Once a month we will be offering the Leaders of both Medway Council and the official opposition the opportunity to talk unedited about.. well, Medway politics. Today we hear from Vince Maple, leader of Medway Labour, the official opposition on Medway Council.
This is the third Political Medway column since the start of the COVID-19 pandemic in the UK – we continue to see hundreds of individuals pass away every day. We must never forget that behind those huge numbers are personal stories, families and friends mourning in challenging circumstances with social distancing.
This week is National Volunteering Week and I want to take this opportunity to say a very big thank you to every single person who volunteers throughout Medway – whether it’s for a sports club, uniformed youth group, homeless charity, for their faith group or any other volunteering, our community is so much richer for the amazing work that volunteers do.
Before the lockdown there was a cross party task group looking at the issue of the voluntary sector – I’m hopeful that the report of that task group will come forward at the next Business Support Overview and Scrutiny meeting. What was clear to me from the evidence and research carried out during that task group is that years of austerity has clearly had an impact on voluntary sector organisations and even before the pandemic that many organisations had the perfect storm of more people wanting to access their services or support, but less money to carry out that support.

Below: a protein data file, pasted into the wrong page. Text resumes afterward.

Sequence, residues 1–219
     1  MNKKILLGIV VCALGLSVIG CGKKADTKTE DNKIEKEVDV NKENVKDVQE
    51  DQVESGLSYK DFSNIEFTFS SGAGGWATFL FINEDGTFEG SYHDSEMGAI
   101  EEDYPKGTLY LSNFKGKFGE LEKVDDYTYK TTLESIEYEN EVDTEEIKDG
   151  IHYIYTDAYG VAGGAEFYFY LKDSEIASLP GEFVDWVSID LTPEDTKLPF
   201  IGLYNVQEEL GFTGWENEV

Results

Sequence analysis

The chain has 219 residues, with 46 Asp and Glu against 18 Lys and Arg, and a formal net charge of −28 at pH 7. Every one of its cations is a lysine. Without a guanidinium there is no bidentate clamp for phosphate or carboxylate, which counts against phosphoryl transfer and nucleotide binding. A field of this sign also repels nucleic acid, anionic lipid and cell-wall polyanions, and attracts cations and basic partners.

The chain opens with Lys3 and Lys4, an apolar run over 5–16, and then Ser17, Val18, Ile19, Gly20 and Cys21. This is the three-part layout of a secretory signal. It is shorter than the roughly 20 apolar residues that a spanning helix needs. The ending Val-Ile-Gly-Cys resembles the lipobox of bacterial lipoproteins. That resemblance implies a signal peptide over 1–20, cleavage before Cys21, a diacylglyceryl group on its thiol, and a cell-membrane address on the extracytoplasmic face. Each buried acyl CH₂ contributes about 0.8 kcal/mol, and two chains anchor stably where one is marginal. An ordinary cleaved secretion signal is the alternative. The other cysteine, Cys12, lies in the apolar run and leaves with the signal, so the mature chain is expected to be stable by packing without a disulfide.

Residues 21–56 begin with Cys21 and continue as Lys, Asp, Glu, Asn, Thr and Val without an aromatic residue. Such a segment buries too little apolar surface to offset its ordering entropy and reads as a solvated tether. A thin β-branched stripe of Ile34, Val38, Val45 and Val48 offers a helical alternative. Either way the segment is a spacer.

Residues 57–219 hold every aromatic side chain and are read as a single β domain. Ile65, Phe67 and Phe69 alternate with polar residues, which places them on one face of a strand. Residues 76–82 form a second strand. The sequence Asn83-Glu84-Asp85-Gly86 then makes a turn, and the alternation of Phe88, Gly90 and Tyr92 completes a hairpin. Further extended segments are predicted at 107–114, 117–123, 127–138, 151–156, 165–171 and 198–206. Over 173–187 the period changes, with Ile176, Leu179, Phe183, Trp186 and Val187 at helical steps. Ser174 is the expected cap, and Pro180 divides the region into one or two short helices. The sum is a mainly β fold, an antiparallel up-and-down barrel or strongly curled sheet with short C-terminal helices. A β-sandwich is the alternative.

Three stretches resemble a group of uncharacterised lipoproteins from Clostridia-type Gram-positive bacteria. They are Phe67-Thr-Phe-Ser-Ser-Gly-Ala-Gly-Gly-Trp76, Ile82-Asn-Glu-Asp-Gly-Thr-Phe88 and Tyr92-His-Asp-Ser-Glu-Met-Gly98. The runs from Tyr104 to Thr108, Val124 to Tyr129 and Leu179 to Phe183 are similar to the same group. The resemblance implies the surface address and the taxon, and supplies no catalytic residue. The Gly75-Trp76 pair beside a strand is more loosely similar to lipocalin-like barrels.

There isn’t a simple solution to this but I genuinely hope this cross party report helps move the situation forward positively. Of course, the pressures of COVID-19 have impacted all areas of the voluntary sector with less resources because fundraising opportunities like sponsorship for events like the London Marathon haven’t been forthcoming or the ongoing closure of charity shops.
We have also seen a number of small collective organisations forming up, particularly mutual aid groups which Stuart Bourne wrote about for The Political Medway. I hope we will see the power of the community continue to be supporting each other as we eventually move to a status of recovery rather than response.